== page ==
So her organization and the Virginia Department of Emergency Management are pushing a new concept: pet preparedness. The effort includes emergency kits with evacuation plans for pets.
Your survival might even depend on it. Sometimes the lack of a pet evacuation plan makes matters worse, say Denise Deisler, chief operating officer of the Richmond SPCA. During Katrina, she says, "there were people who would not leave or ignored the evacuation order out of concern for their pets."
The pet crisis that ensued in New Orleans after Hurricane Katrina, and to a lesser extent Gaston in Richmond, has served as something of a wake-up call, says Ben Johnson, the city's coordinator of emergency management. Richmond sent animal control officers to the Gulf Coast after Katrina for educational purposes.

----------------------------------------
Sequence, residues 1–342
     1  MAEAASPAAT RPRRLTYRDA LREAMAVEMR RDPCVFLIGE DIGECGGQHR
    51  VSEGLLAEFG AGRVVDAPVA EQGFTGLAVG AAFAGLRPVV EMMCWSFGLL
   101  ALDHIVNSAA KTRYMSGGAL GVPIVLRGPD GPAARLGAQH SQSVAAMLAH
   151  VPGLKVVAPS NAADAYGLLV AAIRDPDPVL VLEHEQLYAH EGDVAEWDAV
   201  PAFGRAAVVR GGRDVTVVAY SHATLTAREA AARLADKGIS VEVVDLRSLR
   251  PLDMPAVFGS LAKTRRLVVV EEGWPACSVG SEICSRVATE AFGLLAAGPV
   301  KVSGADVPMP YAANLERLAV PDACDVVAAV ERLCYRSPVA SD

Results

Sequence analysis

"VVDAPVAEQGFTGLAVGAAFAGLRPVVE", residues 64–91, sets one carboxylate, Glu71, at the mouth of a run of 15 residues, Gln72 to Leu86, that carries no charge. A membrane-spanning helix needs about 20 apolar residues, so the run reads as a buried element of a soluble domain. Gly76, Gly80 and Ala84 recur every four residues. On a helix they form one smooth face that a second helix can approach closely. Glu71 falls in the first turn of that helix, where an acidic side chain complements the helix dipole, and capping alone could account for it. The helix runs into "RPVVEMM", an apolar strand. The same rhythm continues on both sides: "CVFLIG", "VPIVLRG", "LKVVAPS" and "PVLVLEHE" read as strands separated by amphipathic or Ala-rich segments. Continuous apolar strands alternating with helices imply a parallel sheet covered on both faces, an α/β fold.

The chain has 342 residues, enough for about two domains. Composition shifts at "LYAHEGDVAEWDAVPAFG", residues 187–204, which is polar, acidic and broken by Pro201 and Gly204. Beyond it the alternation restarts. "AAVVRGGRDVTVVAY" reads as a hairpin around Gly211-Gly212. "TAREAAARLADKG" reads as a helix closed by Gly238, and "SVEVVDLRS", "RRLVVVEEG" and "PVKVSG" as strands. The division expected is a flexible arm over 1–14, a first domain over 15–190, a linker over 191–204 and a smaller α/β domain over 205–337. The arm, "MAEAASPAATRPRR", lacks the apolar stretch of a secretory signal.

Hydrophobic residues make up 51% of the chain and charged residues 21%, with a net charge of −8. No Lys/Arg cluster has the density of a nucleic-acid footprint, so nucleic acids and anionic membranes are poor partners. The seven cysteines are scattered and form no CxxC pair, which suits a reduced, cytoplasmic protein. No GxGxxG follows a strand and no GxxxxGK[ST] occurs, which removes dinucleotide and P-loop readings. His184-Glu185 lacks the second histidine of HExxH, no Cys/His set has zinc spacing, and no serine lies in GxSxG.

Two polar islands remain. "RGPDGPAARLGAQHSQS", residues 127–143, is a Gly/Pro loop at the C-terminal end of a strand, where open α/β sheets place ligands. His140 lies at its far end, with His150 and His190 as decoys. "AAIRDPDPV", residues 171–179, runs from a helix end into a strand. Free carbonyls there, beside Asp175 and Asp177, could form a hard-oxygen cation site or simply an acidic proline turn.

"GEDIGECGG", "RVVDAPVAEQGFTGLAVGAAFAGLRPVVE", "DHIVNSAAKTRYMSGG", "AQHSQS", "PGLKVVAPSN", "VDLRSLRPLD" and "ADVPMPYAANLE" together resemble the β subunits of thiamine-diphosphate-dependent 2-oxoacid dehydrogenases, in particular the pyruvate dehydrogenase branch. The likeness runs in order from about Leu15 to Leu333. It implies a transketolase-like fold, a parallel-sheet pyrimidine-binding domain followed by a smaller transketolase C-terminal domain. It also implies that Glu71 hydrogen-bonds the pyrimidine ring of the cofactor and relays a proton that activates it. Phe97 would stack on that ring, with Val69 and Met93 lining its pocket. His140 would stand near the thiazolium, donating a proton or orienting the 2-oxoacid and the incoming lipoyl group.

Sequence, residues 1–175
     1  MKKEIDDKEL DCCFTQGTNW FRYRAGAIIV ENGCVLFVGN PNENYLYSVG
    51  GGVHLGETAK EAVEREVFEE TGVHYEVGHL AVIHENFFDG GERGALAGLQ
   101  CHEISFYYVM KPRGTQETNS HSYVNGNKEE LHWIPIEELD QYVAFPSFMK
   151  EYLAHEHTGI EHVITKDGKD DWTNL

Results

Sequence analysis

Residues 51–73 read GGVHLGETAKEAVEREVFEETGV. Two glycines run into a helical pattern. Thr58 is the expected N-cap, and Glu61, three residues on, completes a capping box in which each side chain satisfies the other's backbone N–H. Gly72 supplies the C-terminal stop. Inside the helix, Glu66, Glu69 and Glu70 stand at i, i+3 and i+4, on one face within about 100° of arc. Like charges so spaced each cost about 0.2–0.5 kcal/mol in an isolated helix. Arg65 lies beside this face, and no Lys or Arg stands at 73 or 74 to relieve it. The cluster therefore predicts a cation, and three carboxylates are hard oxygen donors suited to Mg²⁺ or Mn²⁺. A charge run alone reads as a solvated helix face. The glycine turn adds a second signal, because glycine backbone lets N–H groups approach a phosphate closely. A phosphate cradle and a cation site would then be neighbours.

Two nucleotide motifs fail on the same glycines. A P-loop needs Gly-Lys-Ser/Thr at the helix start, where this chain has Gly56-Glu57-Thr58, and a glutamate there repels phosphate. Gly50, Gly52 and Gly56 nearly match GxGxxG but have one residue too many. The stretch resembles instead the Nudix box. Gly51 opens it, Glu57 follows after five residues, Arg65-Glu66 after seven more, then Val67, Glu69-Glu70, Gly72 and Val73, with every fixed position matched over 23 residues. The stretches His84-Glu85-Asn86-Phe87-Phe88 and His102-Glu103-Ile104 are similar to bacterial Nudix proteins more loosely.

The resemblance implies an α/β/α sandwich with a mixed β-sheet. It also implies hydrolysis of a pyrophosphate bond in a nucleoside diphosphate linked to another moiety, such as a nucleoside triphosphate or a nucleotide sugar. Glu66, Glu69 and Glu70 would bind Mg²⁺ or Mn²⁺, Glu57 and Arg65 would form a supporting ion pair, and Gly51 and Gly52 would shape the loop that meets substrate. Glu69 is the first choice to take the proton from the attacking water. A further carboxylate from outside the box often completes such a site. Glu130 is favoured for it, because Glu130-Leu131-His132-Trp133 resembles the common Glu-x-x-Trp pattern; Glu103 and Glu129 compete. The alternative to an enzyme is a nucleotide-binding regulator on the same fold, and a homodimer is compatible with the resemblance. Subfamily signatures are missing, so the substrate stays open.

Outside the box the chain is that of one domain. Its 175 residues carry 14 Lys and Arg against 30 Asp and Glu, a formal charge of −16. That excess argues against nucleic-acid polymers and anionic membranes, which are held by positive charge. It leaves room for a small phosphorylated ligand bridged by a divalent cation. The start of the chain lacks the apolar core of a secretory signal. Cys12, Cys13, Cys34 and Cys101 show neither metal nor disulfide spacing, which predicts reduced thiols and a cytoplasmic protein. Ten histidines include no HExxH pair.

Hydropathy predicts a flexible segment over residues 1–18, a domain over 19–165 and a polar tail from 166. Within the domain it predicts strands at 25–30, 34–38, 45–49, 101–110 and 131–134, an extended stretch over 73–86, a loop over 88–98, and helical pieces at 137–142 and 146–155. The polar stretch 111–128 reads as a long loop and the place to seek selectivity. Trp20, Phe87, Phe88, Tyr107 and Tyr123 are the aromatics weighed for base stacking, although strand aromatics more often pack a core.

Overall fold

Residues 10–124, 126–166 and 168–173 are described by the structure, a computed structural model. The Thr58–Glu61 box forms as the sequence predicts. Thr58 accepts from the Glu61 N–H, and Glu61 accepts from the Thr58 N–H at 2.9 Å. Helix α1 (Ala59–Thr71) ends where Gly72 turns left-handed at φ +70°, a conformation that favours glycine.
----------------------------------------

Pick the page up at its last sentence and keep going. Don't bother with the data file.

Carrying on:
In the effort here, pet owners are given tips and checklists for everything their pets need to survive disasters or even emergencies in the home, such as tags with the owner's contact information, extra food (preferably canned) and possible shelters.
"There are emergency stickers that you can place on your window," Deisler says. "If there is a fire in your home, alert the emergency personnel that there are pets in the home, how many, what type and where they might find them."
People need to be "comfortable and confident about evacuating with their pets," Deisler says.
Michael Cline, the state coordinator of Virginia's Department of Emergency Management, encourages people to consider their own home situations and potential risks when protecting their pets. If there's a fire, for example, it never hurts to have pet fire drills. If there's a flood, can your pets get to higher ground?
"What we're trying to do is get people to make plans now to deal with emergencies or disasters and how to handle them," Cline says. S